110027: 3D Imaging Sensor


Three-dimensional imaging systems are currently of interest for a variety of applications including entertainment, robotics, vehicle safety cameras, topographical mapping, and building engineering. Modern industrial 3D photography uses 3D scanners to detect and record 3D information. The 3D depth information is reconstructed from two images using a computer by examining the pixels in the left and right images. This takes considerable computer power, making fluent recording and projection of 3D images in real-time difficult.


To overcome the need for multiple images, high-speed 3D shape measurement using digital fringe projection and phase-shifting techniques along with various algorithms to improve the phase computation speed are now used.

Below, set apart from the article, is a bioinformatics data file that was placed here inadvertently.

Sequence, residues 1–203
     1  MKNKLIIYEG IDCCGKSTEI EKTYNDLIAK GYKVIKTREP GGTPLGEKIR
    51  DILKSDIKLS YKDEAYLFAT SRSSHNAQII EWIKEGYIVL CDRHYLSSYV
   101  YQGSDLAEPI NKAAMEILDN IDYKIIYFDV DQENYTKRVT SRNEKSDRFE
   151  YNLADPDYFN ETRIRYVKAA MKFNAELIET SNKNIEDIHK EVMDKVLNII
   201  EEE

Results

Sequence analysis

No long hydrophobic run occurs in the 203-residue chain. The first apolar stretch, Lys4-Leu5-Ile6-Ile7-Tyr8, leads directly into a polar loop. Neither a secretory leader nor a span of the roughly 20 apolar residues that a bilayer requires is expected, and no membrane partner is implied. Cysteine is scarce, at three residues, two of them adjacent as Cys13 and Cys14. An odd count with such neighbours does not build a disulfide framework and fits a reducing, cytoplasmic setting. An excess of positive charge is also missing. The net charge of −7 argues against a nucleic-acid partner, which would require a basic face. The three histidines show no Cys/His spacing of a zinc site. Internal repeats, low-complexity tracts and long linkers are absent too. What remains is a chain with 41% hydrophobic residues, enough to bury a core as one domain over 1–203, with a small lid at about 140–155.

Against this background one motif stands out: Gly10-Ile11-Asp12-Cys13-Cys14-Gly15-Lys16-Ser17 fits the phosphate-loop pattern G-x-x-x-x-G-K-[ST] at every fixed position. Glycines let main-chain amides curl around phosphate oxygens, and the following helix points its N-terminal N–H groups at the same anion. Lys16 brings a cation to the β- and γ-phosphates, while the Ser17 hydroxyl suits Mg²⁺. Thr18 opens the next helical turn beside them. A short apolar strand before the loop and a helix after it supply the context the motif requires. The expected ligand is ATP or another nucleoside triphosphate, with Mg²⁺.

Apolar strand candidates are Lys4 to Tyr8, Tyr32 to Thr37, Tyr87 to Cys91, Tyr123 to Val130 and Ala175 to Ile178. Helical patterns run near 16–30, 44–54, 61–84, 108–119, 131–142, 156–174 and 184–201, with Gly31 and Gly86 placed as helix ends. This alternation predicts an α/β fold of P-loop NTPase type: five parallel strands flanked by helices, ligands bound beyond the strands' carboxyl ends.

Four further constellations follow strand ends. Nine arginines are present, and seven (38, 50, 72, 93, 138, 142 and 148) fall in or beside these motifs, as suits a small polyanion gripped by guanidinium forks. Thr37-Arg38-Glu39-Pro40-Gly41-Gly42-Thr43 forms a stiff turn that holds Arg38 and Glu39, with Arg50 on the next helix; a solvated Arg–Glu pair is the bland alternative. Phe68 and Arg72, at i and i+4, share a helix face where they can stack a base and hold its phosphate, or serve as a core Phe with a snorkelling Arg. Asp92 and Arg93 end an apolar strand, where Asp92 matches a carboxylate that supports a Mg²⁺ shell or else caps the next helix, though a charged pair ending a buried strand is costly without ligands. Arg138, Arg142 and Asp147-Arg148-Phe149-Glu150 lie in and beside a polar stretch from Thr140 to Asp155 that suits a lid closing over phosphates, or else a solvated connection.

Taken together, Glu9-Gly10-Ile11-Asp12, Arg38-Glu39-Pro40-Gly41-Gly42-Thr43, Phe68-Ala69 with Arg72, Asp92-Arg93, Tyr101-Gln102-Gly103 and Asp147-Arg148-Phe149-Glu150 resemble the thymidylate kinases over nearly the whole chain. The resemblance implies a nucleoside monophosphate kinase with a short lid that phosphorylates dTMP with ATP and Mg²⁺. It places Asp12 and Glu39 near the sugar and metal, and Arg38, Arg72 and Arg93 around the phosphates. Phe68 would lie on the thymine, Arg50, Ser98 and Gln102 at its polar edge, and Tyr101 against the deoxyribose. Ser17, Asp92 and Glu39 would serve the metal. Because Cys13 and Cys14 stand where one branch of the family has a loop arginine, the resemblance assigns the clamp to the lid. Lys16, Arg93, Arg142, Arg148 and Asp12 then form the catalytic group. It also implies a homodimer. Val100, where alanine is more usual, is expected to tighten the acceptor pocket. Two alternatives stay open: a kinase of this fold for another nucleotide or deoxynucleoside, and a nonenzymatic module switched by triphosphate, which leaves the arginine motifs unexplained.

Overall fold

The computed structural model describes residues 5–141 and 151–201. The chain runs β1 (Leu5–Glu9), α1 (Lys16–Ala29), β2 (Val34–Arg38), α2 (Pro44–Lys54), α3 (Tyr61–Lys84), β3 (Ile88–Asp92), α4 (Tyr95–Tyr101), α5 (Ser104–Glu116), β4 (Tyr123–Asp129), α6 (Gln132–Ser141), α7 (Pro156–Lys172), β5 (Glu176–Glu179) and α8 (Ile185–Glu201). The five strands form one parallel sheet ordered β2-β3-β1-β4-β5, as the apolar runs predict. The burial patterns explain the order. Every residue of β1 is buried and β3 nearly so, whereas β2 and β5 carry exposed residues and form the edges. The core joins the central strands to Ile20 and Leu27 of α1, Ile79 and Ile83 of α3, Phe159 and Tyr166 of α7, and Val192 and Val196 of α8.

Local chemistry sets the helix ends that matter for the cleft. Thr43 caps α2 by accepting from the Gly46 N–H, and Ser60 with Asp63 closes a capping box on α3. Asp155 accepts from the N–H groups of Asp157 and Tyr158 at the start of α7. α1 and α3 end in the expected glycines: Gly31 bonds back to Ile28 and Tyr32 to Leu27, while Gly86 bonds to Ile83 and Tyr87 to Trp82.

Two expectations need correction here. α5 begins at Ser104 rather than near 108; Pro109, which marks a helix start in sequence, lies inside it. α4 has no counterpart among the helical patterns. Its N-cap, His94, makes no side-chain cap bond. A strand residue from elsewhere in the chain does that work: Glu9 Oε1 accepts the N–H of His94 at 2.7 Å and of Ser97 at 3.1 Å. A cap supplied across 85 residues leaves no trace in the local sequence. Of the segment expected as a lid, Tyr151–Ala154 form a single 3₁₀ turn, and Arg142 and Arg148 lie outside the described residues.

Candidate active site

Michigan State University’s technology creates a 3D image using a single IR light source. The light source is passed through a known pattern and onto a target (subject). The original shape of the pattern is distored according to the shape of the target. A 3D image is then constructed by evaluating the reflected pattern distortion.



* Works with infrared source: Infrared is not detectable by the human eye. The projected image is passive and non-distracting for human subjects.

* Single light source: A single light source is a simpler, cheaper design.

* One image reconstruction: Reconstructing one image uses less computing power and is faster. Previous 3D imaging systems use two or three image schemes.

* One projector, one camera: Because 3D information is constructed from a single pattern, there is no need for a stereoscopic system.



* Entertainment

* Automotive

* Engineering

* Quality control

* Robotics

* Homeland security (face recognition)


IP Protection Status

Patent pending


Patent Information:


For Information, Contact:

Raymond Devito
Technology Manager
Michigan State University - Test
Ning Xi
Jing Xu